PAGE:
These are disturbing times: We cannot escape news of the global AIDS crisis, the impending flu pandemic, the plight of political prisoners, the resurgence of ethnic cleansing and genocide, and the failure of leaders. The last century's fascination with progress has given way to longings for hope and belonging.
Harvard historian Clarissa Atkinson has observed, “Today, an awareness of dangers we can't seem to stop makes us, in some ways, more like medieval people than like our own great grandparents.” If so, there may be no better mentor for us than the medieval saint and Doctor of the Church, Catherine of Siena. She lived in a time of almost apocalyptic fear. The Black Death and the institutional convulsions of the Catholic Church caused a devastated populace to cry out. Catherine stepped courageously beyond her own fears and society's conventions to heal the sick, speak truth to papal authority, and build a network characterized by dialogue and reconciliation in Christ's name.
Rebel in Rearing
Catherine Benincasa was born in 1347, probably the 23rd of 25 children. As a young girl, she was known for her unquenchable cheer and golden brown hair. At age six, while walking home from church with siblings, she had a vision of Christ smiling and blessing her. The sense of affirmation that God was calling her to ministry was powerful and permanent. Though her mother longed for a “normal” daughter, Catherine refused to be stereotypically feminine. On one occasion, she frantically chopped off her hair in hopes of being rejected by a suitor and being taken seriously by her family. She was steadfastly devoted to God's call and even dreamed of joining a monastery disguised as a boy. She did not want to marry or become a nun, yearning instead to serve God in her own way.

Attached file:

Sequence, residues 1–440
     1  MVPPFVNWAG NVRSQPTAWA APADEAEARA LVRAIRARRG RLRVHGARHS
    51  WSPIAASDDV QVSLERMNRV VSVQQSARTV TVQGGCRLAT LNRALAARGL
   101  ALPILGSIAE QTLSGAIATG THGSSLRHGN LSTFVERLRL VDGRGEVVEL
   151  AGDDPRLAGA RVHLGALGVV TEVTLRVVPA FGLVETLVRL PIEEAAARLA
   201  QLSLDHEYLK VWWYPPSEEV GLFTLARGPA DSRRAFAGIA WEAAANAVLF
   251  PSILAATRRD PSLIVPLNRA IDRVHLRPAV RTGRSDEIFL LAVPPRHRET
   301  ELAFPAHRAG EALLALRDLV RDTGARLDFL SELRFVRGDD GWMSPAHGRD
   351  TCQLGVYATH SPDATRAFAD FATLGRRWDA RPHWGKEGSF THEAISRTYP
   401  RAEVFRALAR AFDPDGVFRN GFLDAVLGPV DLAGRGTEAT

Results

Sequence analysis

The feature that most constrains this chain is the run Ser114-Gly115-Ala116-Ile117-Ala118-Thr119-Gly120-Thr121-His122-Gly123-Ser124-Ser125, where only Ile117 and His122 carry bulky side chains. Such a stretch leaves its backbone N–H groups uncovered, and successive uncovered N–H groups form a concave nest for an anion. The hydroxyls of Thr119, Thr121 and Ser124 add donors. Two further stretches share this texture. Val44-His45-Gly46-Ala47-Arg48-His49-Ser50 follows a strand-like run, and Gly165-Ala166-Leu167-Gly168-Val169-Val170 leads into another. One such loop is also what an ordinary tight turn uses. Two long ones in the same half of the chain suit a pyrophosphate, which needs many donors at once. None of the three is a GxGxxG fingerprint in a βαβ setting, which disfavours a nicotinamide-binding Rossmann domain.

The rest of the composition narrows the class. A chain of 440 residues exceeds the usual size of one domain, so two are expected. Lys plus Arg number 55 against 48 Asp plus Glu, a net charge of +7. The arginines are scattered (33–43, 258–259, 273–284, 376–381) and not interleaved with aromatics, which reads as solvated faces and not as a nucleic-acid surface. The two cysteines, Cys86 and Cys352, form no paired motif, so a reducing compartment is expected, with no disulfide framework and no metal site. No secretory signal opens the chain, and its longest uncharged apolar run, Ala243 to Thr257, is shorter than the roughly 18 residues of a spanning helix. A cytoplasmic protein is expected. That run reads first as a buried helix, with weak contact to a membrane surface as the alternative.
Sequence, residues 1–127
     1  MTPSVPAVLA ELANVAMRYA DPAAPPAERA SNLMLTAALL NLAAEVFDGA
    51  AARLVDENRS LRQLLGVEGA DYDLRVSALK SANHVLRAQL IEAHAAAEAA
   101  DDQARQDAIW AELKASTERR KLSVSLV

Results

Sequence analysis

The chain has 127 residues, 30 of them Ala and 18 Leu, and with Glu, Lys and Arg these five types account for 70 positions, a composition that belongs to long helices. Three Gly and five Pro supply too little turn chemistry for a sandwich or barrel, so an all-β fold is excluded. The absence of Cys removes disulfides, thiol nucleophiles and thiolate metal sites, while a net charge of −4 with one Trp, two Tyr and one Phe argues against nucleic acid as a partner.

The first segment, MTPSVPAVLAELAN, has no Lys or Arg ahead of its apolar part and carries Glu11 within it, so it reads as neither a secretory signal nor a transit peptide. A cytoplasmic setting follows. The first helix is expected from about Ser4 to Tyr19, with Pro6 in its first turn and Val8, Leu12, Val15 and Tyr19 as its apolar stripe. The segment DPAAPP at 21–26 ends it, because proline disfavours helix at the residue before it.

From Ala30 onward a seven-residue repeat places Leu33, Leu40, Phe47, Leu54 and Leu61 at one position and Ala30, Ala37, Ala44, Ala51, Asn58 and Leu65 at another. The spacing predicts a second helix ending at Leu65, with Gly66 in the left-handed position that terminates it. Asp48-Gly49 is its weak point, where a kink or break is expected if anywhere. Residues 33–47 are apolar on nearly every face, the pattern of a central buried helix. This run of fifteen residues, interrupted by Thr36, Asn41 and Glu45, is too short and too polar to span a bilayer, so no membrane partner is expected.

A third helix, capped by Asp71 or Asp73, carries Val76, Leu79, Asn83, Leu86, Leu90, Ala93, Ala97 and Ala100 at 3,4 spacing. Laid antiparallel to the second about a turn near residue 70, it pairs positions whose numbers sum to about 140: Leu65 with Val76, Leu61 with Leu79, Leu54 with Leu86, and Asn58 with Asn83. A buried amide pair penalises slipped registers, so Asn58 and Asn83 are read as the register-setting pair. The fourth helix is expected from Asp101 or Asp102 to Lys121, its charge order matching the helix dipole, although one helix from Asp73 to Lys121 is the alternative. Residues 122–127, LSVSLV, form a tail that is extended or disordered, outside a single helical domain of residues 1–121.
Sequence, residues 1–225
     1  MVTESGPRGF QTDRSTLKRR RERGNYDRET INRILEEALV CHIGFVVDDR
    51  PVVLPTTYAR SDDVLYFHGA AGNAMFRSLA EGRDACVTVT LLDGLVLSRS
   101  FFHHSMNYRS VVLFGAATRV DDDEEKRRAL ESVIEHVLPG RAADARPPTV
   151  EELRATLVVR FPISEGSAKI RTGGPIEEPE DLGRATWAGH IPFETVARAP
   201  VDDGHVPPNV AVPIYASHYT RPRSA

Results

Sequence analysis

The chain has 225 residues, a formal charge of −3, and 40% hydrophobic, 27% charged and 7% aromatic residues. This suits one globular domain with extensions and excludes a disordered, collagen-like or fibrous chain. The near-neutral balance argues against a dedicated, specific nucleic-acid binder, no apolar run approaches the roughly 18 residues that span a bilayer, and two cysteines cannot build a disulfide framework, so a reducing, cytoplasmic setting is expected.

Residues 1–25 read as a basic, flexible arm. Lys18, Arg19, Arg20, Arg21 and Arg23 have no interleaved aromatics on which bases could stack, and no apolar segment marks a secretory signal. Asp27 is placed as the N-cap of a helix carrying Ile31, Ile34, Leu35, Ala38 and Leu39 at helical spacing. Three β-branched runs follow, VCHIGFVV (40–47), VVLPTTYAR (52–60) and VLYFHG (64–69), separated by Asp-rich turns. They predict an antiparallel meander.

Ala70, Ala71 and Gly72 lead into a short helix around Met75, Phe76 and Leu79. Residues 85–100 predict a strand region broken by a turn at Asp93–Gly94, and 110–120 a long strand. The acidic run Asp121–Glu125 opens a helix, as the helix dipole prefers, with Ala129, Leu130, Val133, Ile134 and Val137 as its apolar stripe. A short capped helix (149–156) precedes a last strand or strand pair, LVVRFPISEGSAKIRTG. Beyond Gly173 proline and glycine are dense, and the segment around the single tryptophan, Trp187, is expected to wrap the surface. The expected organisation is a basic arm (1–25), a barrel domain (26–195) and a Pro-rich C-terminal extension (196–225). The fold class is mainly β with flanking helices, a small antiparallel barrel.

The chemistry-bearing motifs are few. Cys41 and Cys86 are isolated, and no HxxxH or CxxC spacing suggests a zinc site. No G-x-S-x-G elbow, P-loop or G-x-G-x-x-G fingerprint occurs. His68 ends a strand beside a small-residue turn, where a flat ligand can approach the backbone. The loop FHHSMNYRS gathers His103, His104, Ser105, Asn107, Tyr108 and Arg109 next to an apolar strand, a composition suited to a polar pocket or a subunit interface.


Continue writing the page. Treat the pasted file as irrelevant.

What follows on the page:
Your love should be sincere: you should love your neighbors with the same love with which you love Me.
After great perseverance, she persuaded her family to let her join the Third Order of Saint Dominic at the age of 16. She participated in the community's devotional activities (in addition to her own stringent disciplines) while she lived at home, largely in her room. Seeking purity, humility, and communion with God, she wrestled for three years to gain dominion over her heart and fleshly impulses. Hers was a total surrender, with Word and sacrament as the foundation.
These three years concluded with a fervent awakening to the needs of the world outside. God led her away from thinking that she could not help her neighbor without losing her mind (“I want only to do good,” she thought, “but let it be my way.”) And he gave her a devotion that reflected Jesus' words: “Not my will, but yours be done.” Arguably, the supreme test of her Christian character was her response to the most devastating pandemic in human history—the Black Death—and its aftermath.
"They Died by the Hundreds"